History of the U.S.: Rum Punch

Rum wasn’t invented in America, but it proved so popular in the colonies that it should qualify as an all- American drink.

It wasn’t the flavor; by all accounts, the batches produced in the seventeenth century were incredibly nasty and dangerous. That’s not surprising, considering the liquor was invented to get rid of the thick and sticky molasses that had to be drained from sugar crystals during the refining process. At first no one knew what to do with the stuff, but eventually someone realized that molasses contains enough sugar to allow fermentation; a little tinkering converted it to booze.

But not delicious booze: one early imbiber called it “a hot, hellish, and terrible liquor.” If this sounds unappealing, consider that distillers might throw a dead animal or animal dung into the “wash” to speed up fermentation. They also used lead pipes in the still construction, sometimes poisoning heavy drinkers - which was mostly everyone. In Barbados, each colonist drank about 10 gallons of rum annually, while North American colonists averaged three gallons per year. That this foul liquor was the most popular drink in the colonies is evidence of the miserable conditions there, especially among poor colonists who came as indentured servants. Despite the occasional case of blindness or death, rum got you drunk enough to temporarily forget your miseries - and when you came to, you could start forgetting all over again.

Obviously this was incredibly bad for your health. In 1639, a visitor to Barbados recounted men so wasted they passed out on the ground and were eaten alive by land crabs. In 1707, a visitor to Jamaica estimated that rum killed over 1,000 colonists a year on that island alone (out of a total population of 7,000 white colonists). Colonial legislatures tried to control the sale and consumption of rum, with laws passed in Bermuda, Connecticut, Massachusetts, and even Barbados itself – but human misery trumped the law and rum continued making great if somewhat unsteady strides.

Fed by molasses imported from the Caribbean plantations, distilleries were established on Staten Island and Boston in the mid-1600s. These drastically lowered the price and increased the level of intoxication to new highs (or lows, depending on your point of view). In fact, rum played an integral part in the development of the American colonies, as New England businessmen invested their rum profits in new industries like textiles.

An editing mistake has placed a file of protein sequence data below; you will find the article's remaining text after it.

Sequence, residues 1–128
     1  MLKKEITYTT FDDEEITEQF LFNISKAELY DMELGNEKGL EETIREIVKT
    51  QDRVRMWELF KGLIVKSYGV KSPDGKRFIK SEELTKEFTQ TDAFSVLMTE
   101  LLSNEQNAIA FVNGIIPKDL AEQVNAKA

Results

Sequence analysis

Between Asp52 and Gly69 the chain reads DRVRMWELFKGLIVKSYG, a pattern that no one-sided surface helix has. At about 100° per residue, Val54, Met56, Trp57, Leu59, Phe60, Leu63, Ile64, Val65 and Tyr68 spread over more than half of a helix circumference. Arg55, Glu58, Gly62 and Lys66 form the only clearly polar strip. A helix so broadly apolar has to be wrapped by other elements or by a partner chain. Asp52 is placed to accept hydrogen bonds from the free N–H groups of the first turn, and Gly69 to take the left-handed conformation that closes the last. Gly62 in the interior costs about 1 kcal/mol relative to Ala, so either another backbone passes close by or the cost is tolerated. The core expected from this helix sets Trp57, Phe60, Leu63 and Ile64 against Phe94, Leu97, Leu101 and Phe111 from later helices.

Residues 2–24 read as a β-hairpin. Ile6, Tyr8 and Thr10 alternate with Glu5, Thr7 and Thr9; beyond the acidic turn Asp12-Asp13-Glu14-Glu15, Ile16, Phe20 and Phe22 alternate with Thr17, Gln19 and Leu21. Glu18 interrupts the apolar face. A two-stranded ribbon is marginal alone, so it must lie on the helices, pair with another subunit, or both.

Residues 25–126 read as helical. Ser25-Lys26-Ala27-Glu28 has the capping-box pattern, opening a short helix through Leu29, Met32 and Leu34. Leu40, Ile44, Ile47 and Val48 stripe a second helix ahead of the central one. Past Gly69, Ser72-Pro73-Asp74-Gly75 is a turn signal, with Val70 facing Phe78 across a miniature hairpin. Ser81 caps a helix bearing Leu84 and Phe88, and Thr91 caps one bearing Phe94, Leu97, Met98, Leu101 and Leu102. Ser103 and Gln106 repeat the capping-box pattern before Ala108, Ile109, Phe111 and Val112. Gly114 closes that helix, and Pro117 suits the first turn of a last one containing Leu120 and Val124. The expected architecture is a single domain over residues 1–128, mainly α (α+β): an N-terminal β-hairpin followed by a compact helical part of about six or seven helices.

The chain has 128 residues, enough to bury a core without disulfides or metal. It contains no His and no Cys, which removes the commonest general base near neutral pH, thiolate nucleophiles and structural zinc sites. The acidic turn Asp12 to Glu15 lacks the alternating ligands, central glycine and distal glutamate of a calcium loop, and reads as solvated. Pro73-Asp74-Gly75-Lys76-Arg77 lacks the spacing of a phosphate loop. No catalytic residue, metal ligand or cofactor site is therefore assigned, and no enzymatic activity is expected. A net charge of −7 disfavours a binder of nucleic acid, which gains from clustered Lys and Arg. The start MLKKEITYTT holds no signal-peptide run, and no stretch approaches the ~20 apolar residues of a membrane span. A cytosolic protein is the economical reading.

Looking for more fabulous content like this? You’re in luck - The Mental Floss History of the United States hits bookshelves near you on October 5th! If you pre-order, you’ll get three free issues of mental_floss magazine. Get all of the details over here.

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NASA, Getty Images
Watch Apollo 11 Launch
Vice President Spiro Agnew and former President Lyndon Johnson view the liftoff of Apollo 11
Vice President Spiro Agnew and former President Lyndon Johnson view the liftoff of Apollo 11
NASA, Getty Images

Apollo 11 launched on July 16, 1969, on its way to the moon. In the video below, Mark Gray shows slow-motion footage of the launch (a Saturn V rocket) and explains in glorious detail what's going on from a technical perspective—the launch is very complex, and lots of stuff has to happen just right in order to get a safe launch. The video is mesmerizing, the narration is informative. Prepare to geek out about rockets! (Did you know the hold-down arms actually catch on fire after the rocket lifts off?)

Apollo 11 Saturn V Launch (HD) Camera E-8 from Spacecraft Films on Vimeo.

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Romano D’Agostini, Giorgio Cargnel, Soprintendenza Speciale di Roma
Utility Workers May Have Found One of Rome’s First Churches
Romano D’Agostini, Giorgio Cargnel, Soprintendenza Speciale di Roma
Romano D’Agostini, Giorgio Cargnel, Soprintendenza Speciale di Roma

The remains of what may have been one of Rome’s earliest Christian churches were accidentally discovered along the Tiber River during construction, The Local reports. The four-room structure, which could have been built as early as the 1st century CE, was unearthed by electrical technicians who were laying cables along the Ponte Milvio.

The newly discovered structure next to the river
Romano D’Agostini, Giorgio Cargnel, Soprintendenza Speciale di Roma

No one is sure what to make of this “archaeological enigma shrouded in mystery,” in the words of Rome’s Archaeological Superintendency. Although there’s no definitive theory as of yet, experts have a few ideas.

The use of colorful African marble for the floors and walls has led archaeologists to believe that the building probably served a prestigious—or perhaps holy—function as the villa of a noble family or as a Christian place of worship. Its proximity to an early cemetery spawned the latter theory, since it's common for churches to have mausoleums attached to them. Several tombs were found in that cemetery, including one containing the intact skeleton of a Roman man.

Marble flooring
Romano D’Agostini, Giorgio Cargnel, Soprintendenza Speciale di Roma

A tomb
Romano D’Agostini, Giorgio Cargnel, Soprintendenza Speciale di Roma1

The walls are made of brick, and the red, green, and beige marble had been imported from Sparta (Greece), Egypt, and present-day Tunisia, The Telegraph reports.

As The Local points out, it’s not all that unusual in Rome for archaeological discoveries to be made by unsuspecting people going about their day. Rome’s oldest aqueduct was found by Metro workers, and an ancient bath house and tombs were found during construction on a new church.

[h/t The Local]

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